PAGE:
The Porsche market is a mix of investment and classic car car enthusiast. Right now the prices are too high for the enthusiast to be comfortable that they are not paying too much. Whether prices fall is entirely down to the economy and the numbers bought on finance or by individuals who will need to sell up when the bust comes.

    Classic air cooled ’70s and 80s stuff is probably safe, the front engined stuff probably not so much. I’d like a good 944 as a ‘practical’ classic but it’s just too dear right now. A nice three door Saab might make it into the garage when finances permit.

  5. For me, Peak Something means the heydays are over and this Something will start to slowly fade into almost irrelevance where really few cares anymore about this Something because it is not important anymore. For consumer products with short life cycles that happens all the time due to newer tech or new trends. Cars have a longer life cycle, and sports cars have generally really long ones. Also, peak in relation to what time scale? I would guess that stuff like this have cycles where something is really hot for a few years, then cools off slowly, then are hot again with even higher prices, etc.

    Have the been iconic for this many decades, I guess they will more or less continue to be iconic for a very long time. Which mean buyers will be interested to pay a decent price for one. If there would be (for political reasons) some severe taxation on gasolin, gasolin powered cars and/or cars with x amount of BHPs then of course the market would react since fewer will be prepared to pay up the fun. Otherwise, I guess a Porsche is a good investment in the foreseeable future – except for those who worries over repair bills… 🙂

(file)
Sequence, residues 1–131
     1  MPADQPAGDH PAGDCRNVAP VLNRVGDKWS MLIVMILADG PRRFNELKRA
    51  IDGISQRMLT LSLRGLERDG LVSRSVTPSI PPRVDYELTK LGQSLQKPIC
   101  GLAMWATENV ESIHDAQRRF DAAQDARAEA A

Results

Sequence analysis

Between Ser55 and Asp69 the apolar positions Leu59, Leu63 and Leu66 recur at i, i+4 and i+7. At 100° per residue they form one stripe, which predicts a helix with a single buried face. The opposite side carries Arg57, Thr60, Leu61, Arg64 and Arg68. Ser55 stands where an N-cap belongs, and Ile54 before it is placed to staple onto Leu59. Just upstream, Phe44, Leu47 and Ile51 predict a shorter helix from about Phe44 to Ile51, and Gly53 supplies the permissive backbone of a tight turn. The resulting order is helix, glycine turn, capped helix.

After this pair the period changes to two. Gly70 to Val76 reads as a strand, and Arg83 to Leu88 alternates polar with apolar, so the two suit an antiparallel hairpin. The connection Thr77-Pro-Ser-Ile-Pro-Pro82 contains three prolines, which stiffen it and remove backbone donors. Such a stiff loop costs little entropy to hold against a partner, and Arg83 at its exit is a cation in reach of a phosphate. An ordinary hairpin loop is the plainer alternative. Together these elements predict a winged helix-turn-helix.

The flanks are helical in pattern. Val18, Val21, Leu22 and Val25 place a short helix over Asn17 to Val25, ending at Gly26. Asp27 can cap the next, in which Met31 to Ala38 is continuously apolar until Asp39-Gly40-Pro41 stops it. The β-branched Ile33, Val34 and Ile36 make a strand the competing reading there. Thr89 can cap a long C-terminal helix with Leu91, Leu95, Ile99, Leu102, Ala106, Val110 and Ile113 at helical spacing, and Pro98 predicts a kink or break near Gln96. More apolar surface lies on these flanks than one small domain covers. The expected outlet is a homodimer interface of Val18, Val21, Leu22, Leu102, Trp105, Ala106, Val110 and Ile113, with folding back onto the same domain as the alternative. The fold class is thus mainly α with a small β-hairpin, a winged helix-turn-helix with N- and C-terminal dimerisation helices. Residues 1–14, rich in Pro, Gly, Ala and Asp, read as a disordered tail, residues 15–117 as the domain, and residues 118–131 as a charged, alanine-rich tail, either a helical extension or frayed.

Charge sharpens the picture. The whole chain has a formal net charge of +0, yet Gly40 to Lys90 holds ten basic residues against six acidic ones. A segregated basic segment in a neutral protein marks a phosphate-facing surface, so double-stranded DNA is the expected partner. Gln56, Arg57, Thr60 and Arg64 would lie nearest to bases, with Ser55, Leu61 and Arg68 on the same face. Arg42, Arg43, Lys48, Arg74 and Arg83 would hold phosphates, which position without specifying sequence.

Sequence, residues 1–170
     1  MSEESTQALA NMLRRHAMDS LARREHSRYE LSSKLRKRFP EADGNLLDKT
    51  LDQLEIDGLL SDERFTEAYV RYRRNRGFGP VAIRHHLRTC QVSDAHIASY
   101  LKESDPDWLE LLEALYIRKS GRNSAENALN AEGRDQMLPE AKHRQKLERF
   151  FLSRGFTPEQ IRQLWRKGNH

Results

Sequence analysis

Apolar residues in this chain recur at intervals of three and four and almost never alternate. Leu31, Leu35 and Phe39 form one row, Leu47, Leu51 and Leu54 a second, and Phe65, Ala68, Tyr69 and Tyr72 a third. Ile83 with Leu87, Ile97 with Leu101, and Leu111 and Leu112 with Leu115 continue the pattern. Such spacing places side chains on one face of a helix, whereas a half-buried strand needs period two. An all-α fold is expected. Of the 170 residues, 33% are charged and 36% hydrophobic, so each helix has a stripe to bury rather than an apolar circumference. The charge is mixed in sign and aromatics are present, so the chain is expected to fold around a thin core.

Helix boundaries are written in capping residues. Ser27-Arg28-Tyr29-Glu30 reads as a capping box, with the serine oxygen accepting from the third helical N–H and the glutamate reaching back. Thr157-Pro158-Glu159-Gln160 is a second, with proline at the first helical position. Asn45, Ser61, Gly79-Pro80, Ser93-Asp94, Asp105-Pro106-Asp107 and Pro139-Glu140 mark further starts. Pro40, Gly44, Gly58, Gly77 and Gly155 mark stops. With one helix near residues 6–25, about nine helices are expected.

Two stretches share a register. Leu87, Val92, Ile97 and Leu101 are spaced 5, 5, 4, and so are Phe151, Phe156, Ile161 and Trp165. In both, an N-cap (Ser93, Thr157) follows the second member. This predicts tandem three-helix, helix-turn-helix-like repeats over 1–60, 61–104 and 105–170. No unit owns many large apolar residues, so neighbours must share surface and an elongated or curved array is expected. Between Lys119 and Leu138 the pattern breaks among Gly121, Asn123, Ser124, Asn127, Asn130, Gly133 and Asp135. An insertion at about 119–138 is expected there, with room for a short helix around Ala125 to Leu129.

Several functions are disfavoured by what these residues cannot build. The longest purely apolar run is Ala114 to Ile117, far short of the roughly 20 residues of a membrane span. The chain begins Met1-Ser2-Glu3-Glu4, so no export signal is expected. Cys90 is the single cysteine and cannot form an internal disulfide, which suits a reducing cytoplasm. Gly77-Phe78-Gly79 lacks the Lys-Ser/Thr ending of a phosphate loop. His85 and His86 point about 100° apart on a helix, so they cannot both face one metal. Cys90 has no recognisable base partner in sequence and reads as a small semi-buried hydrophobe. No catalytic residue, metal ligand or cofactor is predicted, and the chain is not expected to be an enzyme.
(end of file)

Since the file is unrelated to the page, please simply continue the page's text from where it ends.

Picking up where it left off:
(BTW, welcome back with the site…)

  6. The thing about 911s is that the shape’s remained so consistent for so long, that even relatively savvy car people have a hard time telling the difference between models. That drives value for the platform, since far too few people buy cars for their intrinsic merits and far too many buy them to make a statement.

    All of which reminds me of a fellow I used to know (back in the early 90s), who made a killing buying salvage title 911 hulks and welding them together to make whole cars. If you were the least bit savvy, you’d run away from these Frankenporsches, but most people weren’t and jumped at the chance to buy a $20k 911.

    1. A similar phenomenon happened here in the US with classic muscle cars. I’m not sure many were welded back together, but certainly many mass-produced plebeian models have been up fitted to meet the market demand for the performance versions.

  7. The Clown shoe / Bread van … is as close to a perfect mass produced TVR as you could get …. M version of course …

    Porsche …. mmmmmmm …. well was never a BIG fan besides the 944 / 968 …. now they are where they need to be … with all the guys who have more money than sense ….. so to speak … not to pin point anyone (and I have not read all the comments above, so hope I have not offended anyone)

  8. Oh … and remember the late 80’s EType … early 90’s MGB … and 90’s Austin Healey 6’s …. they go up up up .. then come back down down …. to sensible monies ..

    They are like houses really …. the good ones stay to close top money … the bad ones become known and fall away back to real prices (may not get totally back … but come to a sensible price range)

  9. Hello Steven,

    Nice to see you back, still in sweden?.

    Peak Power will be achived when some bloke in a garage somewhere straps on a great big WH motor on each front wheel……..Then we will see pigs fly.

    Apologies I know that’s a bit off topic, but maybe??